Arizona’s Magic Private School Tax Credits Don’t Work

Arizona was the first state in America to implement a tax credit for private education 18 years ago. School choice advocates loved this idea because it would decouple education from the state and allow for more competition.

But it turns out it doesn’t really work so well. According to this really interesting piece over at the Arizona Republic:

A program that legislative budget staff in 1997 estimated would cost $4.5 million a year now tops $140 million. And that doesn’t include $50 million in tax credits handed out separately for public-school extracurricular activities.

Despite its explosive growth, the program has failed to keep its promise of primarily aiding special-needs and low-income students, and of expanding school choice. Meanwhile, as it grows, critics say, it is further depleting funding for public schools.

There are a few problems with this. In the first place, it’s not really clear the program actually worked as it was intended. The way vouchers are supposed to work is that vouchers introduce competition in public education. Since schools have something to lose or gain as a result of the policy, they should be working harder and student performance should improve.

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That hasn’t happened. Over the 20 years the state’s education performance has gotten a little better, but that’s also occurred in pretty much every state in the country. The state has seen no signification improvements, either for students in general or ethnic minorities, as a result of the private school fund.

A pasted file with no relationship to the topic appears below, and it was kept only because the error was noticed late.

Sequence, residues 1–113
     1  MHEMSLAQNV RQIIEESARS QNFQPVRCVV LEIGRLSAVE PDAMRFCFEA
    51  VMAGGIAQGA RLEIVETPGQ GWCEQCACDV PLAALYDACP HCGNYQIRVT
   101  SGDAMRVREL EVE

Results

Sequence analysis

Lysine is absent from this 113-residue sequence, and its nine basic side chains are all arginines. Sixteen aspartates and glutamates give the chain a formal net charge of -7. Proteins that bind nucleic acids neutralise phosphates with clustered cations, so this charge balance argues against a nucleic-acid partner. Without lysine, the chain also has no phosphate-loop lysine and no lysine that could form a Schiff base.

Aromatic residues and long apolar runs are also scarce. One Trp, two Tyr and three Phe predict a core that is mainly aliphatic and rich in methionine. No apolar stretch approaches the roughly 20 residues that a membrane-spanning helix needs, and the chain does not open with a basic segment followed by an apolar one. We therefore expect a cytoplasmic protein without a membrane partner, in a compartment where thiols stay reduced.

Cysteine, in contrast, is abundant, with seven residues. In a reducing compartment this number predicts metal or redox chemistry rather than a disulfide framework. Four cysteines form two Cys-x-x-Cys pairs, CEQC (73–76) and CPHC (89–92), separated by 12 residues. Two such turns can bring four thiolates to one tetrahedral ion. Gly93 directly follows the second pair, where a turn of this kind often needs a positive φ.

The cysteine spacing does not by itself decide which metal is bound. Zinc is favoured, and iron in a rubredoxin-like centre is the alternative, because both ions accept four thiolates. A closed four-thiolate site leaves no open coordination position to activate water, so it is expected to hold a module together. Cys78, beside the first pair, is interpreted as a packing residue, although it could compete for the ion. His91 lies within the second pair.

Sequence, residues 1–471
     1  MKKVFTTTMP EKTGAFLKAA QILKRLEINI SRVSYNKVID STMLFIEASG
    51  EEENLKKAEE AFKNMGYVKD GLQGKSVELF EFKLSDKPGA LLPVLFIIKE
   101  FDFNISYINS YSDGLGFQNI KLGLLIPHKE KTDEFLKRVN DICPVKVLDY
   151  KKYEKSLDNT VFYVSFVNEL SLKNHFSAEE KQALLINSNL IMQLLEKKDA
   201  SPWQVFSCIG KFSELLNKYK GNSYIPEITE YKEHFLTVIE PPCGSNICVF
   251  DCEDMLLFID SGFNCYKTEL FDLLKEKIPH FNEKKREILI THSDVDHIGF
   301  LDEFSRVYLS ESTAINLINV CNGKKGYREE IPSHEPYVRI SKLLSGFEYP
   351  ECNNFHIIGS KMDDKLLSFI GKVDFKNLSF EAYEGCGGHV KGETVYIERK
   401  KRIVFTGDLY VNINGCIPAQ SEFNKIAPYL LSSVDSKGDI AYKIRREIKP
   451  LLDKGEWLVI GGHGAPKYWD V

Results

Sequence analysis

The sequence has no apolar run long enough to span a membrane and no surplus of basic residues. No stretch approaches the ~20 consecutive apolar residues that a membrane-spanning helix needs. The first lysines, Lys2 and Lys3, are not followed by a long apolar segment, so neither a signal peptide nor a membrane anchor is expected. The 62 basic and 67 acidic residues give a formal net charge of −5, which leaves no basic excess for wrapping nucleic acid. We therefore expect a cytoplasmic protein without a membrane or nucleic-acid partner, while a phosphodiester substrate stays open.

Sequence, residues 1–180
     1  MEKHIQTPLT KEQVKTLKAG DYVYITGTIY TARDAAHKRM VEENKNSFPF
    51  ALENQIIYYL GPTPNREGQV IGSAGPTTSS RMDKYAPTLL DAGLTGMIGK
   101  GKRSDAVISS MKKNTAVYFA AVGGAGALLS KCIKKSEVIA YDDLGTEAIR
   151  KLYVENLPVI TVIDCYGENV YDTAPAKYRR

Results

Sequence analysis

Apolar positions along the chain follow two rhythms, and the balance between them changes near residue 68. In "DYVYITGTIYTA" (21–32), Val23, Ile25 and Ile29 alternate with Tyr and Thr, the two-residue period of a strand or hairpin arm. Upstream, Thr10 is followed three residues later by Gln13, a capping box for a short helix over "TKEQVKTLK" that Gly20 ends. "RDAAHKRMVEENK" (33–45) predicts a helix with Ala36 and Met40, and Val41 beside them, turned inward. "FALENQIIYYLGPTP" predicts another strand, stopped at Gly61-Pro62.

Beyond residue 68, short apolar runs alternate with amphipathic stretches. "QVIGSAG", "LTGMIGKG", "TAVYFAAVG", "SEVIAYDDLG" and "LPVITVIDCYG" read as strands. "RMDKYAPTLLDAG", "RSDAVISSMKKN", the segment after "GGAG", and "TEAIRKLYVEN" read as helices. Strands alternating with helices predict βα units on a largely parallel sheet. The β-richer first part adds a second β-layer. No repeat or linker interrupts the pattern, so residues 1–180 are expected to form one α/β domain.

Another problem is that this fund is a way to avoid taxes. People or businesses can take care of their tax budgets by just dropping some money in the education slush fund. And that deprives the state of money it needs to operate.

In fiscal 2014, the most recent year available, Arizonans claimed $84 million in individual tax credits. Corporations claimed another $39 million.

But that’s a whole lot of money that they’re not paying for other things, funds Arizona needs to operate other programs.

The other, perhaps more serious, result, according to the article, is the state now essentially runs a tax scheme under which people and companies can avoid paying taxes (which pay for public schools) by contributing money into a fund that pays for a few people to pay for private schools.

Only about 3 percent of the money is designated specifically for special-needs students. And 32 percent of the scholarship money given through the individual tax-credit programs goes to children of “low income” families, defined as those earning 185 percent of the federal poverty level, or $44,862 for a family of four…. The corporate tax credit for “low income” families has a more-generous definition — a family of four can earn as much as $82,996.

That’s because private school enrollment in the state is actually going down, and public school enrollment is increasing. And meanwhile almost 70 percent of that fund is used to send the children of reasonably affluent people to “a school of their choice,” even though many of them could just afford the tuition on their own.

This is how to kill public schools.

Daniel Luzer

Daniel Luzer is the news editor at Governing Magazine and former web editor of the Washington Monthly. Find him on Twitter: @Daniel_Luzer